Follow Me

Are you a leader or a follower?



It’s funny how
recovery didn’t bring
love or light.
It didn’t aright
all I perceived
wrong with me.
I didn’t join a yoga class
or lose this fat ass.
I’m not footloose
or fancy free.
No one’s praising my gutsy
path to wholeness.
I’m still a hot mess.
Even though I come off mean
I’m actually the most caring
person you’d ever meet
if only you could speak
neurodivergence
or I could speak “normal.”
I won’t talk to you
but I will to your kid;
unlike you they see me as is
and they’re cool with that.
Same with your dog or cat.
Despite all that I lack,
you follow me down this path,
saying all the while you despise me,
yet you can’t look away.

24 thoughts on “Follow Me

  1. I’m neither a leader nor a follower. I’m a loner. I have been all my life.
    I’m a writer and I host a Read & Critique room via Zoom. Everyone else in the room is neurotypical. I’m the only one who’s neurodiverse. There’s one woman in the room who is a very good writer, but she hasn’t gotten the knack of ‘show don’t tell’ yet and I’m trying to show her what it means and why it’s so important.
    Today I tried to tell her that if you want your readers to really feel and connect with what you are writing, the best way to do that is to write in simple, direct sentences. Don’t muddle up your writing with all these fancy $10 words. Write like you talk.
    Everyone in the room knows I have Asperger’s. I told her and the others in the room that those on the spectrum speak more directly and – as a writer – that’s how I write as well. The more plainly and directly you write, the faster, and more effectively, you’ll get your readers to connect with you. I also told her that, depending on what you’re writing, you can throw in a lot more $10 words. Anyway, I told her if she wants people to connect with what she’s writing (she’s writing a memoir) she needs to write plainly and not worry about perfection. Then I said to her, “Pretend you’re on the spectrum while writing.” and we all laughed.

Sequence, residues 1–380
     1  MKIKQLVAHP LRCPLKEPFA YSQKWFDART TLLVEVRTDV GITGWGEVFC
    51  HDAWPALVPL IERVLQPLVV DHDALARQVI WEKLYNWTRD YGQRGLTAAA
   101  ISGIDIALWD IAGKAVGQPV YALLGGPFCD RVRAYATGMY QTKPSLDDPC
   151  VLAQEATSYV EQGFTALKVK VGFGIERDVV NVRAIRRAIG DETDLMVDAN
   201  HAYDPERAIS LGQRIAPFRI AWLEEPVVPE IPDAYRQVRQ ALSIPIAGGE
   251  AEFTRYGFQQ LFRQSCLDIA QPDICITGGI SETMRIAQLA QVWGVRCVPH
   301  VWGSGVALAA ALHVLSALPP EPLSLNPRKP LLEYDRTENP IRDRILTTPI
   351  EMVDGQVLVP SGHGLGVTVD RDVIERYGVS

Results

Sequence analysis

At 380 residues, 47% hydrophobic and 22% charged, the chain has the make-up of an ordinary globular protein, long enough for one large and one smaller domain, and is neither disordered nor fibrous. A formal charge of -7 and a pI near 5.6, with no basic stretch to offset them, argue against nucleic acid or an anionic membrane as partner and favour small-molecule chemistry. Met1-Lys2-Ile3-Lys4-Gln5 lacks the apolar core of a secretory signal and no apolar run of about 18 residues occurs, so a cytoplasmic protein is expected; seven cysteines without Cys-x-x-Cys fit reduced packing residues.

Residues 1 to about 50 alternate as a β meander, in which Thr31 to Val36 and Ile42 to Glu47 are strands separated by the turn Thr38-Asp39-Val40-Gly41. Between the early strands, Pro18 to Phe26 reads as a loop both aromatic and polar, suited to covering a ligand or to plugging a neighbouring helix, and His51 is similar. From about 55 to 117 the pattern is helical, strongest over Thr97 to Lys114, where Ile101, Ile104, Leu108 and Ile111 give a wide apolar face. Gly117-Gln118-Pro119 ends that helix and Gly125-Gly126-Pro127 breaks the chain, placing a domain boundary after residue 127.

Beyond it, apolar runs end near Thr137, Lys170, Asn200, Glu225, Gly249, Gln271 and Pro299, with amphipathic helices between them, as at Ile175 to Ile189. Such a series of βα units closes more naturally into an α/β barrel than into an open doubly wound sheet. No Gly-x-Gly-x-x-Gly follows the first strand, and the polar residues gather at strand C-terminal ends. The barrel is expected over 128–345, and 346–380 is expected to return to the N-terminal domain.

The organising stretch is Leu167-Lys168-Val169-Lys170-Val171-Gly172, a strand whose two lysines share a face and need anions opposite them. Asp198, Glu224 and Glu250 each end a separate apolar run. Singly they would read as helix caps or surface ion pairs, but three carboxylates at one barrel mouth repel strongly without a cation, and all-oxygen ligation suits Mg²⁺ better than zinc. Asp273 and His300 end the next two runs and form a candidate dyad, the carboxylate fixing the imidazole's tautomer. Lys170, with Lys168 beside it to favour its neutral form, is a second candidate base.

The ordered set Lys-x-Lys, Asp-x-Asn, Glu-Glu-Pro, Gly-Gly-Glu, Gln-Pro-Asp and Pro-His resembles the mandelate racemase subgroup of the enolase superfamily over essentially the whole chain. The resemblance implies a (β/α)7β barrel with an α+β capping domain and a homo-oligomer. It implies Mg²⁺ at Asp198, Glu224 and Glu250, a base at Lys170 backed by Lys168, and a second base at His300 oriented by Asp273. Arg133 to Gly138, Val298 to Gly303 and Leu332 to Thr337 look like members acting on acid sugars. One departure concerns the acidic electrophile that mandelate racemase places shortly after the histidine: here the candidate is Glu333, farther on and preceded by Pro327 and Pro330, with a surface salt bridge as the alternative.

I wish I could elaborate more, but there isn’t enough space and I don’t want to turn this into a book. I guess I mentioned this because you touched on the differences in how we talk (or write) compared to the way neurotypicals talk.
    As far as coming across mean goes, I’m always getting called out for that. I have a deep voice, as well as a strong voice, plus I don’t smile. I can laugh because it’s a burst of energy coming out of me. I can only feel strong emotions. Smiling is too delicate for me to feel. That’s what makes smiling uncomfortable. So, all these elements together give people the impression that I’m angry.
    I love these women and we get together every Monday and have a chat session where we talk about anything and everything under the sun. It’s only two women and myself. We’ll even video chat at other times if one of us needs to talk or is having a bad time.
    I don’t feel that I lack anything. In fact, being on the spectrum has enhanced my awareness.
    Your last sentence, “….you follow me down this path,
    saying all the while you despise me, yet you can’t look away.” It made me think of a gross accident happened on the side of the road. We know it’s repulsive, yet at the same time, we are still drawn to it.
    Jen, I’m sorry for rambling. It seemed like the appropriate response to this post. Not so much now. Oops! I just thought of another point I wanted to discuss… “Kelly shut up now!” 🤐🙄😁

    1. I love your comments because a) you take the time to share them, which is quite the gift from someone with ASD, and b) I think if I met you in person this is how we’d talk to each other, as opposed to how we talk to many people.

      1. Semantics. We can agree to disagree. I write because I love the process. My blog was set up by a friend years ago to promote my first book. Profits help animals. If someone follows my blog that doesn’t automatically make me a leader. Why aren’t I just part of societal give and take and not defined as leader or follower. How you perceive me doesn’t make it a reality for me.

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